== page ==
Mr Taylor noted that some chambers and law firms lay on additional training for lawyers working in the Youth Court, and Just for Kids Law provides training too.

“I believe there is a strong case for insisting that all lawyers appearing in the Youth Court are specifically trained. I am also extremely concerned that children, in what are often complex and challenging cases, should be any less well represented in the Youth Court than an adult would be in the Crown Court in a case of equivalent seriousness.

“I therefore recommend that the Ministry of Justice reviews the fee structure of cases heard in the Youth Court in order to raise their status and improve the quality of legal representation for children, and when this is complete, that the Bar Standards Board and the Solicitors Regulation Authority should introduce mandatory training for all lawyers appearing in the Youth Court.”

He said that when all this has happened, “consideration could be given to trials involving children no longer taking place in the Crown Court”.

A more rigorous approach was also needed at the start of the process, he said, with research suggesting that 43% of children who go on to be charged do not ask to see a solicitor.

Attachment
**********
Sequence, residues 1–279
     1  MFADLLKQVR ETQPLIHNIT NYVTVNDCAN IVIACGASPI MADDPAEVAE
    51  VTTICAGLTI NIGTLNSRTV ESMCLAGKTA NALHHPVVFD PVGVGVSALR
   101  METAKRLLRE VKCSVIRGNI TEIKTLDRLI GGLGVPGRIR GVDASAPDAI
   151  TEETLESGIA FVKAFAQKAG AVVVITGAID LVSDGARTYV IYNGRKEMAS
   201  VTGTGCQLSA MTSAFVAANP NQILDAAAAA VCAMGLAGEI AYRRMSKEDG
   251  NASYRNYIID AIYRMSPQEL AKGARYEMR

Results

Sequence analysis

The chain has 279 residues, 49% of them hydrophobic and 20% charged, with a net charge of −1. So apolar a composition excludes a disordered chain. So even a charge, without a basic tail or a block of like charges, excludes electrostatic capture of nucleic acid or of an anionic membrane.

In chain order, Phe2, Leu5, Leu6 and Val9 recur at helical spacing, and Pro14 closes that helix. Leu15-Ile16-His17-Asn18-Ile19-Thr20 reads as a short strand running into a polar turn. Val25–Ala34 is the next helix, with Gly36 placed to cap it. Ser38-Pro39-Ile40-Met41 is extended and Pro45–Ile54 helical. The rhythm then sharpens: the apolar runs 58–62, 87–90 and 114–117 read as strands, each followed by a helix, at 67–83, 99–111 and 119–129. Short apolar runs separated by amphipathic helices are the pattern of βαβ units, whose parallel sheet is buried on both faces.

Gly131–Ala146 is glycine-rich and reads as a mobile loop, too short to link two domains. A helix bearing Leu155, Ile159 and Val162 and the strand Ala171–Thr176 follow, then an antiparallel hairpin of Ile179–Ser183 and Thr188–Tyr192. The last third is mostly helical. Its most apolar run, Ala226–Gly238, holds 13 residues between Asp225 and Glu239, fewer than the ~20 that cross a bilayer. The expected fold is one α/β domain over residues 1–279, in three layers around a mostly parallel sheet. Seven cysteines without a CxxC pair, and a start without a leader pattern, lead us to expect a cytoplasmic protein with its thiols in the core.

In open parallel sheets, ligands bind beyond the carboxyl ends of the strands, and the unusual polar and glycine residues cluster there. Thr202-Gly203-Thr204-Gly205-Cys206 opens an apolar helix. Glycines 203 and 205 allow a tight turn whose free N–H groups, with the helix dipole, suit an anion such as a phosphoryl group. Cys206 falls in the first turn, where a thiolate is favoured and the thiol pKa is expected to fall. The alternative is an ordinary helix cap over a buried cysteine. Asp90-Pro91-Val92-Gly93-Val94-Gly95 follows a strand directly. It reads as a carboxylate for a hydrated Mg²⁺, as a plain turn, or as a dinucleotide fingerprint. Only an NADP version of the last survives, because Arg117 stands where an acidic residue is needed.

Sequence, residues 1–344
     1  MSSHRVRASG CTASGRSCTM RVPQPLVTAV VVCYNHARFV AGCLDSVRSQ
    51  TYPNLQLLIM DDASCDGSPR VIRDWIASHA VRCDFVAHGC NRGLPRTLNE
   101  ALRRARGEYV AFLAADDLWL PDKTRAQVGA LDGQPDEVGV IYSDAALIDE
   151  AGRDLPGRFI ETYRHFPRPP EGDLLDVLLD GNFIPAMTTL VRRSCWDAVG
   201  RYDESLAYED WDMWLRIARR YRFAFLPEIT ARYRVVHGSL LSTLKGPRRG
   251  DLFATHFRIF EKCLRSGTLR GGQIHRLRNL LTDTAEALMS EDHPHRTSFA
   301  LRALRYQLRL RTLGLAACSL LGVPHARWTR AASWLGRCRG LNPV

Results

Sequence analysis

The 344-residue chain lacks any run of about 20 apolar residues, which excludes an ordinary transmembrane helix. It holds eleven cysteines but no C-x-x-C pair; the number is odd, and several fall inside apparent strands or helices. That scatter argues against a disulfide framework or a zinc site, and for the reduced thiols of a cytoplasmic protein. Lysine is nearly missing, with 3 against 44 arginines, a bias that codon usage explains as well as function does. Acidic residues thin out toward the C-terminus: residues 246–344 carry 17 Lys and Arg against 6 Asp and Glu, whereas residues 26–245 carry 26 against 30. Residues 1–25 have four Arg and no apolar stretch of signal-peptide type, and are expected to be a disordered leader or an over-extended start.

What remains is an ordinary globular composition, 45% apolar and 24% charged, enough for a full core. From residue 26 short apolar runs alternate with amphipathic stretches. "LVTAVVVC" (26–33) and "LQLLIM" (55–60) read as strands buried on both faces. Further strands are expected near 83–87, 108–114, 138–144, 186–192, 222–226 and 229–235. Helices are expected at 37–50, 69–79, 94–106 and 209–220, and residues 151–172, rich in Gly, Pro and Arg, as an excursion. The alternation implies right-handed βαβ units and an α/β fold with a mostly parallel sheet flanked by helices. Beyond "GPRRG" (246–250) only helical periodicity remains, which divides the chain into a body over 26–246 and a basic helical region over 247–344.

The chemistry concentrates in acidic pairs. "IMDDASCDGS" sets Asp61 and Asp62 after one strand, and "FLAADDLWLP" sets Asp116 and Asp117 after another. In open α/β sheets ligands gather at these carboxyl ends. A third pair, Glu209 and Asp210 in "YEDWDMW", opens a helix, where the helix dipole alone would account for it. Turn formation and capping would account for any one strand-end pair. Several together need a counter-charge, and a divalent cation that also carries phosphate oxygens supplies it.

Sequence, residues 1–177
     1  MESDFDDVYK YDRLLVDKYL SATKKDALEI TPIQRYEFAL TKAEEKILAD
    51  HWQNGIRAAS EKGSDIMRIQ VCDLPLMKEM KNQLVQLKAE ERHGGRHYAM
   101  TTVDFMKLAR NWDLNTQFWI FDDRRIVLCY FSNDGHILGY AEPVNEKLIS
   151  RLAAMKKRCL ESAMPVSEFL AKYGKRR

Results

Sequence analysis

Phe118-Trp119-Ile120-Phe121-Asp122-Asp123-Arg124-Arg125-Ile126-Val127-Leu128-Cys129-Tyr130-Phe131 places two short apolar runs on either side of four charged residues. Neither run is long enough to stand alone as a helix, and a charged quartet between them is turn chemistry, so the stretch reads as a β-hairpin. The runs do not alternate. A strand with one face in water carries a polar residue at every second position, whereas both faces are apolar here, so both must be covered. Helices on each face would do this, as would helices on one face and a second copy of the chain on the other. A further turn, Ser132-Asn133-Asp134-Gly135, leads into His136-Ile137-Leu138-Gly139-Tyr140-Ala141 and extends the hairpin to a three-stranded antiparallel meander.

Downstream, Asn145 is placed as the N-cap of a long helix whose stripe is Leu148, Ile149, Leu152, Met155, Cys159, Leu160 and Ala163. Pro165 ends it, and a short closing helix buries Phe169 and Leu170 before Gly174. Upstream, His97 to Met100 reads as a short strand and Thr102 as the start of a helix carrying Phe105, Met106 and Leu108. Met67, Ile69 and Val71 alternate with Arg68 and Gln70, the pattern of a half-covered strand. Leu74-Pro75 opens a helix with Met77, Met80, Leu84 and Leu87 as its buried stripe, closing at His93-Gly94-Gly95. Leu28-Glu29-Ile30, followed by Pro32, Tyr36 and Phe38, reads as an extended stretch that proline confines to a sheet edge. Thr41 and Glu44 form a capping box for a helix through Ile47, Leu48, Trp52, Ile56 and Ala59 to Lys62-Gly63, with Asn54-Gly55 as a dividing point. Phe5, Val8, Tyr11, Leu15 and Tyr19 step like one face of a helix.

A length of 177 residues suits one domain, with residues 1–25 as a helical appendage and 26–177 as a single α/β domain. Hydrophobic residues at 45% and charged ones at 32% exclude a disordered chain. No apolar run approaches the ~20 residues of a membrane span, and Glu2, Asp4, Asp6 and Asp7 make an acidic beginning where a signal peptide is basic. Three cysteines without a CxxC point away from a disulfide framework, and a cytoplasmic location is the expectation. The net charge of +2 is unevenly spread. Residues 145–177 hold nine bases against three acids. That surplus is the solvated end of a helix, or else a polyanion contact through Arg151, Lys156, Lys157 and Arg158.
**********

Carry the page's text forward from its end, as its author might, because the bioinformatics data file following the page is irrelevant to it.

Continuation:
“Where children do ask to see a solicitor, I have heard that there is frequently a delay in them attending. Given the emphasis on admissions as a pre-condition for many diversionary schemes, it is vital that children receive access to timely and good-quality legal advice.

“I propose that children should not be required to make a decision about seeing a solicitor. Rather there should be a presumption that a solicitor is called and legal advice is provided, unless the child expressly asks not to. The Solicitors Regulation Authority should consider introducing mandatory training and agreed service standards for solicitors advising children in police custody.

“As with appropriate adults, there should be a presumption of releasing a child and organising a voluntary attendance interview or bail with a pre-arranged interview time if a solicitor cannot attend within two hours of a child being arrested.”